Thursday, May 8, 2014

Now for the hard part

My sketches of the woodlands in the fog were approved by Elizabeth so now the hard part begins….how to create this in fabric? I am excited and scared at the same time.

These were my sketches:




I am not surprised that she like the tall skinny one the best. Each time I edited my sketch in Photoshop I moved in that direction.  Here are her comments:

“Three sketches of a forest in the mist with subtle rearrangements of the composition each time...I do like the vertical composition presented in the vertical gives the trees more height and also forces us to peer into the mist itself.  the skinny branches form a kind of focal area and also help us to move around the piece.  the sense that the fog is thicker near the ground is well done.  Removing a lot has really helped to create the atmosphere.

I would make the piper almost indistinct...let him merge with the trees so that you don't see him at first..imagine the skirl of the pipes in the far distance, softened and muffled by the fog....

very well've addressed the assignment accurately and sensitively.  It is not about a beauty spot that everyone sees, but rather about one that you have observed where perhaps others have missed (mist!) it....”

She must have read my mind about the piper. I was going to make it difficult to see him in the mist. I think I will call this quilt “Misty Morning Piper.” That way the viewer will have to look into the mist to try to find the piper.  Plus it is good that I edited out the trees on the left hand side. I think they distracted us from looking into the fog. I have come a long way since January when the sketches I created for the lesson needed a lot of work. So I am learning something!



Here is my handsome piper husband. Aren’t I lucky that I get to hear bagpipes just about every day? I love bagpipes. I guess that is a good thing or hearing them every day would make me crazy. Do you like bagpipes?

So now I am going to go through my stash of fabrics plus I am dyeing some today as well to see if I can pull off this scene. The clock is ticking…it is due blocked out by the 20th. I keep telling myself that this can be done. I think if I am successful it might lead to a series on fog.

Thanks for reading and I appreciate your comments.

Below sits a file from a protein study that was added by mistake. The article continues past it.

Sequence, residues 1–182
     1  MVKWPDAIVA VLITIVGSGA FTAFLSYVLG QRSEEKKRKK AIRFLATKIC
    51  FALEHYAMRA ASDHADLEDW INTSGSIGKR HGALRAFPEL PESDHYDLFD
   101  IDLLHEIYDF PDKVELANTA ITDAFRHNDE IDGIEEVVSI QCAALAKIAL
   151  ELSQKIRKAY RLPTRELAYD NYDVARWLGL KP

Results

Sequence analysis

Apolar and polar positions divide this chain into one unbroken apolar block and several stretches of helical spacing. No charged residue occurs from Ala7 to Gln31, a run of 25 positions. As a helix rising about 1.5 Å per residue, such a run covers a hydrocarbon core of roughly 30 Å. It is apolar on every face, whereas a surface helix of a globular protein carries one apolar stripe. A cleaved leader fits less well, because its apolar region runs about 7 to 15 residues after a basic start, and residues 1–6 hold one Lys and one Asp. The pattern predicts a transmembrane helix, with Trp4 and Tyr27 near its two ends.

Linking to Nina-Marie’s Off the Wall Friday. I am anxious to see what she is doing for this lesson plus what others are doing this week.




  1. I DO like bagpipes, always excited when they show up in a parade. There's a very active group over in Spokane (about an hour and a half away) so there are lots of opportunities to hear them. However, not sure I'd like to live with one. I well remember the husband practicing his trumpet, which at first was enjoyable, then almost drove me nuts. Those exercises, the scales...I knew things had gone too far when I caught myself humming one of them!

  2. These look like a wonderful start. Isn't Elizabeth the best teacher/mentor?

  3. The sketches are wonderful, can't wait to see how you interpret them in fabric.

  4. I love your sketches and bagpiper idea. And I'll admit my second thought was, How is she going to do this in fabric? It will be fun to see how you solve it.

  5. Yes, your sketches are terrific and I look forward to seeing them in fabric. The addition of the piper will be so interesting.

  6. Your class with Elizabeth sounds enjoyable. I love following your progress and thoughts.

  7. Think your ideas of the fog *and piper) are great. I have tried to do a fog scene *still unfinished) without success. It was a memory from my childhood nd I still would like to try again. Looking forward to seeing your finished piece. You and Nina Marie make me want to take Elizabeths class but I don't have the talent you 2 have. Ruth


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